Cost Estimate for Proposed Senate Amendment to H.R. 1

February 2, 2009

Today CBO released a cost estimatefora proposed Senate substitute amendment to H.R. 1, the American Recovery and Reinvestment Act of 2009,introduced by Senators Inouye and Baucus on January 31st. The amendment would specify appropriations for a range of federal programs and would increase or extend certain benefits payable under the Medicaid, unemployment compensation, and nutrition assistance programs; it also would reduce individual and corporate income tax collections in a number of ways, including an alternative minimum tax (AMT) patch for 2009 anda tax credit of up to $500 for each workerin both 2009 and 2010.

CBO estimates that if enacted in mid-February, H.R. 1 as amended would increase outlays by $132 billion during the remaining several months of fiscal year 2009, by $242 billion in fiscal year 2010, by $145 billion in 2011, and by a total of $632 billion over the 2009-2019 period.In addition, CBO and the Joint Committee on Taxation (JCT) estimate that enactingthe proposedSenate amendment to H.R. 1 would reduce revenues by $101 billion in fiscal year 2009, by $219 billion in fiscal year 2010, and by a net amount of $253 billion over the 2009-2019 period. (Approximately $96 billion of the estimated revenue change is attributable to the proposed tax credit for wage earners and $70 billion to the proposed changes in the AMT.)

Combining those effects, CBO estimates that enacting the Senateamendment would increase federal budget deficits by $233 billion over the remaining months of fiscal year 2009, by $461 billion in 2010, by $142 billion in 2011, and by about $884 billion over over the 2009-2019 period. Thetable belowsummarizes CBO's and JCT's estimates of the legislation's budgetary effects.

By Fiscal Year, in Billions of Dollars

2009

2010

2011

2012

2013

2014

2015

2016

2017

2018

2019

2009-

2019

DIVISION AAPPROPRIATIONS a

Estimated Budget Authority

350.8

5.0

3.6

0.7

0.9

1.1

1.1

1.1

1.1

0.5

*

365.6

Estimated Outlays

43.8

134.9

93.7

42.1

23.3

13.7

6.3

2.6

1.4

0.7

*

362.5

DIVISION BDIRECT SPENDING

Estimated Budget Authority

91.0

106.4

50.5

7.4

7.4

6.2

3.8

1.2

-0.8

-1.4

-1.6

270.1

Estimated Outlays

88.3

107.4

51.2

7.6

7.4

6.2

3.8

1.2

-0.8

-1.4

-1.6

269.5

DIVISION BREVENUES

Estimated Revenues

-101.0

-218.5

3.0

23.6

14.1

9.8

6.4

4.3

3.0

2.6

0.3

-252.5

NET IMPACT ON THE DEFICIT

Net Increase in the Deficit

233.2

460.9

142.0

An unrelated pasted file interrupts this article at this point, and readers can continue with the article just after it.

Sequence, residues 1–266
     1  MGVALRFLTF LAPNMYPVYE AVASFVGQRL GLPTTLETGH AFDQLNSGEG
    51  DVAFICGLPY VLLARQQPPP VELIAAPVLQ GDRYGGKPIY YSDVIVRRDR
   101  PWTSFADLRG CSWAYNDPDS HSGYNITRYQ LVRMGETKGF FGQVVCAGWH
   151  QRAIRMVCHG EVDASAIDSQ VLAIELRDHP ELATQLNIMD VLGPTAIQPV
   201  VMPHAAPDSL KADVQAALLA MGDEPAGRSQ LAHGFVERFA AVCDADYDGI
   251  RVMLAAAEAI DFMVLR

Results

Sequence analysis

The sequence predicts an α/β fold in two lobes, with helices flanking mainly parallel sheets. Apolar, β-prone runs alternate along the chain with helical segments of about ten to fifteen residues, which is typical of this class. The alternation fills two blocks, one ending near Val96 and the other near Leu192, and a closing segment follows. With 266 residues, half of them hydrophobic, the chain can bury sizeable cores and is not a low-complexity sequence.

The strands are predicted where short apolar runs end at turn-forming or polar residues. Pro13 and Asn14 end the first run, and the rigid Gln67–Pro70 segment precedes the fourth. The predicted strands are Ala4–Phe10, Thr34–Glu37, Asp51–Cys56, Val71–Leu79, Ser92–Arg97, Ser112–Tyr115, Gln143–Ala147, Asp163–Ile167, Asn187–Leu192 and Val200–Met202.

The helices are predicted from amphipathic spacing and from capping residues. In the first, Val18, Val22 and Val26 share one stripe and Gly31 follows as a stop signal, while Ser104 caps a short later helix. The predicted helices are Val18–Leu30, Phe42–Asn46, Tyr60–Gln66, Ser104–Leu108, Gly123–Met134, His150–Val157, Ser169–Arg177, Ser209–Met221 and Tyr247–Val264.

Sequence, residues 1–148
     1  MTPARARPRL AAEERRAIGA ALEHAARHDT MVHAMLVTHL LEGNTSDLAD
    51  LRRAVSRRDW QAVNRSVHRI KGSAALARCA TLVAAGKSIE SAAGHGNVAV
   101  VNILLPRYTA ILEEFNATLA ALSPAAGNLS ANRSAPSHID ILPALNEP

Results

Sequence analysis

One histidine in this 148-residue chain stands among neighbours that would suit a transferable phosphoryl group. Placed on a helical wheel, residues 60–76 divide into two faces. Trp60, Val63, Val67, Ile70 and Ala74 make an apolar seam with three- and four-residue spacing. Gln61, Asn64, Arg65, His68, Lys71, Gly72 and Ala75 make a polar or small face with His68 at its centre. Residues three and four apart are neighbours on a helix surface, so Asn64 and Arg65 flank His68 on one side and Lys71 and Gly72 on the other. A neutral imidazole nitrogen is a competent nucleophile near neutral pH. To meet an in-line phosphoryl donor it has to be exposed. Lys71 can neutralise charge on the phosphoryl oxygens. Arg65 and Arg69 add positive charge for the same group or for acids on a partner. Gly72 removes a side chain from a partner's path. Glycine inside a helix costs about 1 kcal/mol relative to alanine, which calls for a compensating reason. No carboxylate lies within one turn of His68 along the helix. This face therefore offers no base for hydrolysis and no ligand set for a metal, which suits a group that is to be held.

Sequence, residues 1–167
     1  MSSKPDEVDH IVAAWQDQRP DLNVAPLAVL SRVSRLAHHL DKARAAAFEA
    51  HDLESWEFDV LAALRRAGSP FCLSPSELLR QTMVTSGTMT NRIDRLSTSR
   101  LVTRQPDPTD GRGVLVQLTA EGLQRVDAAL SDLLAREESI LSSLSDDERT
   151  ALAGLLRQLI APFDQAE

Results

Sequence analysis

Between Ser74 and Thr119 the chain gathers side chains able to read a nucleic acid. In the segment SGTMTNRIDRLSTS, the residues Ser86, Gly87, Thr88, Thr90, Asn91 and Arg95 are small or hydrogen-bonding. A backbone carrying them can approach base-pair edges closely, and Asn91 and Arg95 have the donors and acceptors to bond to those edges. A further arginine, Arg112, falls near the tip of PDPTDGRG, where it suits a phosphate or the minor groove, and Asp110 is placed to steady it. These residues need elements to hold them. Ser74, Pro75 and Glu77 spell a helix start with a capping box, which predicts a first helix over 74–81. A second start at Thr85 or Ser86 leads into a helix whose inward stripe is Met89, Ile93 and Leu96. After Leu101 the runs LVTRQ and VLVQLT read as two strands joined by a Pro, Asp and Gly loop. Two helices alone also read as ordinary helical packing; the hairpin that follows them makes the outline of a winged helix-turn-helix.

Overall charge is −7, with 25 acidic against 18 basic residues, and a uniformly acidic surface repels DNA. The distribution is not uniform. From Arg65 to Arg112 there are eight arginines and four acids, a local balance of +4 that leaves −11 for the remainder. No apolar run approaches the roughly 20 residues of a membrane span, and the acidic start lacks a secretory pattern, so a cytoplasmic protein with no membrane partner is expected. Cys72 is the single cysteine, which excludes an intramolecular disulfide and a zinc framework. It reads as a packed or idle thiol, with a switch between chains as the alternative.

26.1

16.6

10.1

3.7

-0.4

-2.5

-3.3

-1.9

884.5

a.

Most of the spending for Division A would stem from discretionary appropriations. The totals include about $24 billion in 2009-2019 changes to mandatory programs that are contained in Division A.

Note: Components may not sum to totals because of rounding; * = less than $50 million.

Sources: Congressional Budget Office and the Joint Committee on Taxation.

These estimates differ fromCBO's cost estimatesfor similar legislationconsidered in the House of Representatives last week. On January 30,CBO transmitted a cost estimate for H.R. 1 as passed by the House on January 28, 2009; and on January 26,we transmitted a cost estimate for the bill as introduced in the House on that date. CBO and JCT estimated that the version of H.R. 1 that was passed by the House of Representatives would increase deficits by $526 billion over the 2009-2010 period and by a total of $820 billion over the 2009-2019 period; the Senate amendmentwould increase the deficit by $694 billion over the 2009-2010 periodand by about$884 billion over the2009-2019 period.

Much of the difference in the 11-year totals comes from the Senate amendments AMT provisions, which would reduce revenues by about $70 billion. The most significant difference in outlays from discretionary funding in the House and Senate versions stems from the proposed State Fiscal Stabilization Fund: both versions would appropriate $79 billion for this new activity, but CBO estimates outlays of about $31 billion over the 2009-2010 period under the House-passed version of H.R. 1 and about $52 billion over the 2009-2010 period under the Senate amendment. The difference reflects the fact that the House version would provide the funding in two components, the first available for obligation beginning July 1, 2009, and the second a year later; the Senate proposal would provide all the funding in 2009.